Listening to Italy
RENZI’s JOBS ACT
The Italian political scene is a complex labyrinth of causes and interconnected relationships, which make finding the beginning of many subjects very difficult. And Matteo Renzi’s Jobs Act is no different.
In October, Italy’s under 25 jobless figure rose to 44.2%., and productivity was still not growing. Renzi, Prime Minister and leader of the centre left Partito Democratico (PD), is moving away from his party’s traditional core support. He aims to eliminate the conservatism of the left. Instead of working with the “old guard” he surrounded himself with young, enthusiastic and presumably grateful supporters.
He has started to cultivate an international persona, although at home he was derided for his bad English. The Huffington Post of 9 October listed his contacts with international movers and shakers and wrote about his endorsement by Italian industrial leaders. The article said that he has strived to make internal political alliances and that he is dynamic rather than cautious, as were the previous Monti and Letta administrations. His bizarre politically-inspired pact with Silvio Berlusconi has propped up his government and softened the impact of internal PD dissent. This so-called Pact of the Nazareno exists but its details are secret. Very Italian, very calculated, very offensive to many but pleasing to others because it has delivered a stable government of sorts. There is some Union support for his programmes. However the Cgil, Confederazione Generale Italiana del Lavoro (the largest Trade Union in Europe with 5.5 million members) and its National Secretary Susanna Camusso, are bitterly opposed to both him and his policies.
Now Renzi is up and running with his Jobs Act. And here he deliberately gives an impression of modernity and internationalism by using the English language Jobs Act as the bill’s title. This legislation was passed by the Senate, the upper house, in late October. It had been précised in 29 September’s La Repubblica into four worthy-sounding key points.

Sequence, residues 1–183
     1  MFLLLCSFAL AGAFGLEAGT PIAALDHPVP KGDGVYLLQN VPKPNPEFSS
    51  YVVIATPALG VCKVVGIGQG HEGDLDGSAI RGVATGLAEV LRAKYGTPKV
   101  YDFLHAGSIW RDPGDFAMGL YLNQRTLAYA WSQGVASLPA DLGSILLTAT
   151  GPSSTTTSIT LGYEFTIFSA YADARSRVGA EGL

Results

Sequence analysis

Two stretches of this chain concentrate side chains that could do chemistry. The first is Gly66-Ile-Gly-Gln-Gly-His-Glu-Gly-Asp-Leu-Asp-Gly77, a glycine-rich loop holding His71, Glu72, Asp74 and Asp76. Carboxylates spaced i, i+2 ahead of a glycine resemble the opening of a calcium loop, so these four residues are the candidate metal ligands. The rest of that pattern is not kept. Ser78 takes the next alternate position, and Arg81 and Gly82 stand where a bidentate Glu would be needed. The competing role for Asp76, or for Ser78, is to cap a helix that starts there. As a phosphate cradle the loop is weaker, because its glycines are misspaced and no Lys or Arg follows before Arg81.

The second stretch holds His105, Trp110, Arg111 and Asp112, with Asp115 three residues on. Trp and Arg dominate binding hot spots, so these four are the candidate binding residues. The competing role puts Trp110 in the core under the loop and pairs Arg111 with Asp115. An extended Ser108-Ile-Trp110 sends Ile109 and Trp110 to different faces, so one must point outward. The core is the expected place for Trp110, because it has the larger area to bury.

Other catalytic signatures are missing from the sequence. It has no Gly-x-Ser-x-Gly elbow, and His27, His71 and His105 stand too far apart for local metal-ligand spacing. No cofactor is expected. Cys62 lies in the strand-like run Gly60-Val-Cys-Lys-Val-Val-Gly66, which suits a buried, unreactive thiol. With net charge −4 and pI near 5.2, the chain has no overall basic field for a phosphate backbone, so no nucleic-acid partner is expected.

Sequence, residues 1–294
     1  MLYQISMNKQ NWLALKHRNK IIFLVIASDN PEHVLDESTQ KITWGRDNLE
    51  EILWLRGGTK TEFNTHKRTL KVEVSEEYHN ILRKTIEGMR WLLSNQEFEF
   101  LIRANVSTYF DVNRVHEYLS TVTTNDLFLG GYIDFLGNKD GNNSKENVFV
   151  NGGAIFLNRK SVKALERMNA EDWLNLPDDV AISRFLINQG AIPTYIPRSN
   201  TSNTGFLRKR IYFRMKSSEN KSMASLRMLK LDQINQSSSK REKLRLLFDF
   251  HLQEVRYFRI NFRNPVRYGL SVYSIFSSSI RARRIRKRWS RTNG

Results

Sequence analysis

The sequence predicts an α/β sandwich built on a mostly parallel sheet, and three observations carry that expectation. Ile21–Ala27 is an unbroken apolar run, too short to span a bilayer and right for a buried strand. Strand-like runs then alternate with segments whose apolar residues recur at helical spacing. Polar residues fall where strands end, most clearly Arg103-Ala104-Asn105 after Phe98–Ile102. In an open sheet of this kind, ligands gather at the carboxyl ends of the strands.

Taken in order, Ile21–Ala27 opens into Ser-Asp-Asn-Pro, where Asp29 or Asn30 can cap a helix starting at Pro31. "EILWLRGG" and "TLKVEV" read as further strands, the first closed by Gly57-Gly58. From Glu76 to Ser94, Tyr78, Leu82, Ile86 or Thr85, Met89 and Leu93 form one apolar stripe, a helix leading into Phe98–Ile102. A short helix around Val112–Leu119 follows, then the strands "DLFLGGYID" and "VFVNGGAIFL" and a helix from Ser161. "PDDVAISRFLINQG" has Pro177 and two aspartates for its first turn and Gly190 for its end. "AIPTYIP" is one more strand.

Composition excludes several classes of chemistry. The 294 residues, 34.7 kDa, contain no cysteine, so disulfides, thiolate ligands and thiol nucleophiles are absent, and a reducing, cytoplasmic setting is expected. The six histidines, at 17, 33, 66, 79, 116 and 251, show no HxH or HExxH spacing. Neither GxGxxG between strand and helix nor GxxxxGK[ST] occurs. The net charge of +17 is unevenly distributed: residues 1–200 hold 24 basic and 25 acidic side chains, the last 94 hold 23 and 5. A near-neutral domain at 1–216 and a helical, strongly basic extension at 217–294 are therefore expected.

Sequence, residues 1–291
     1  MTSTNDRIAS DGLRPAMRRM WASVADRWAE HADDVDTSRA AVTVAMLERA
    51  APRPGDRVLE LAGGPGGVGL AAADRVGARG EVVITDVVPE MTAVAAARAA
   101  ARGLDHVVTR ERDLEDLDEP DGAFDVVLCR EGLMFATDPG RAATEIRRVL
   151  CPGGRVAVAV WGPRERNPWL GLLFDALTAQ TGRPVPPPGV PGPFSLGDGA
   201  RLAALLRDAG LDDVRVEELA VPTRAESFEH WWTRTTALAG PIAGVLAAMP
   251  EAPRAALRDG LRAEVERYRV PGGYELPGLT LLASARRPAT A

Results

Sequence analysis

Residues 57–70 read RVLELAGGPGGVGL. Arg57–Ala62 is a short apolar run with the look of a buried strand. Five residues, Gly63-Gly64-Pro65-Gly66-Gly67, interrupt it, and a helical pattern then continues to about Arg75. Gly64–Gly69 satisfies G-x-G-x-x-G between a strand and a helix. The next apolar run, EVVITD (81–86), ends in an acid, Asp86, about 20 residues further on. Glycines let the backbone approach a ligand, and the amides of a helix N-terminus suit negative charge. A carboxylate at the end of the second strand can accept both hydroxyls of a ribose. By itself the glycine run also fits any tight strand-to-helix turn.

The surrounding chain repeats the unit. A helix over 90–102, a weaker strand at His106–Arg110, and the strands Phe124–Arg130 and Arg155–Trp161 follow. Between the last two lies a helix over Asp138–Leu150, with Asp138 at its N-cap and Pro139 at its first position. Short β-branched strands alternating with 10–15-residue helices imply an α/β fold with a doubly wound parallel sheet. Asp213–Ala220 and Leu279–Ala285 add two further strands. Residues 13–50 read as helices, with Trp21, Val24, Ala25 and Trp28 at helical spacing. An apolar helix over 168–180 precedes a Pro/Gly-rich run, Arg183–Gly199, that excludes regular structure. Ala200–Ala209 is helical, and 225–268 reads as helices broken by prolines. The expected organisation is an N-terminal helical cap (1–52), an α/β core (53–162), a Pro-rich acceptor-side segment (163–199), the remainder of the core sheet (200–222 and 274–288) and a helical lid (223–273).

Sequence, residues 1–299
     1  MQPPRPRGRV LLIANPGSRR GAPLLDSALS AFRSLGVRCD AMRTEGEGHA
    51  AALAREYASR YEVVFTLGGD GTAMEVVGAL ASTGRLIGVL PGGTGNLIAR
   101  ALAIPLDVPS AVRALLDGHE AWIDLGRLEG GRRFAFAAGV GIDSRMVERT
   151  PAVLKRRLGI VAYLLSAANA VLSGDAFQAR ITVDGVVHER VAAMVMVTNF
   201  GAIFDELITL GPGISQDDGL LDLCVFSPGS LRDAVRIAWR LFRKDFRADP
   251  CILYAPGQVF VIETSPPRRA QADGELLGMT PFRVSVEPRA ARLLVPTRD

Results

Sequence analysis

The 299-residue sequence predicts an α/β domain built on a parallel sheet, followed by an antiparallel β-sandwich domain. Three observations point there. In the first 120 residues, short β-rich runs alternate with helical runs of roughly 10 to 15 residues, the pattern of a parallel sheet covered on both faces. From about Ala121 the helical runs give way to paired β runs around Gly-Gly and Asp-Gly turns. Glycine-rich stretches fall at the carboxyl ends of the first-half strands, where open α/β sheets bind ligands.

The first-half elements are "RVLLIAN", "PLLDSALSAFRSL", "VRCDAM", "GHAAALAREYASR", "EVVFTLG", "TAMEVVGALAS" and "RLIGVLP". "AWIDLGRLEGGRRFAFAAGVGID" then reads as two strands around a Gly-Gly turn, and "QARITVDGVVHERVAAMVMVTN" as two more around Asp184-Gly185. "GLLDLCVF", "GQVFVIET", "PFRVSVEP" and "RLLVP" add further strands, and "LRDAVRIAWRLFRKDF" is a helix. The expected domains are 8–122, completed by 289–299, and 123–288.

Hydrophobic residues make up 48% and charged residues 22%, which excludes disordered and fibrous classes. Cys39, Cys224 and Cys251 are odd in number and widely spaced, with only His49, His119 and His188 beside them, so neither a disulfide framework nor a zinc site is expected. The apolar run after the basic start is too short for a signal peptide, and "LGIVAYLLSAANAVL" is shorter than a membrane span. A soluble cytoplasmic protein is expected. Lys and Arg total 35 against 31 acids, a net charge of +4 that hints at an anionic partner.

1) To extend the rights and universality of protection, offering an extensive social safety net for workers on short term contracts.
2) To reduce the numbers of types of employment contract (there are 46 in Italy, the majority of which are neither secure nor long term) in favour of indeterminate ones with increasing protection as the individual’s employment lengthens.
3) To guarantee consistent national services and social protection for workers.
4) To structure the use of sackings for economic reasons, substituting the uncertainty of judicial rulings on individual cases with compensation. To extend the possibility of reinstatement that exists currently only for discrimination and disciplinary cases.
On Saturday 25 October a million people demonstrated in a rally against the Jobs Act in the Circo Massimo in Rome. This was organised by the Cgil. The reason behind their opposition is that Renzi’s seemingly socially helpful act will actually replace L’articolo 18, The Workers Statute, that gives a far greater degree of protection and compensation. In short, L’articolo 18 gives very clear guidelines for workers subject to sackings for discriminatory, disciplinary and economic reasons, even talking about training contracts and situations where families work together. It details time limits for claims and stipulates levels of compensation that are given in multiples of a month’s salary.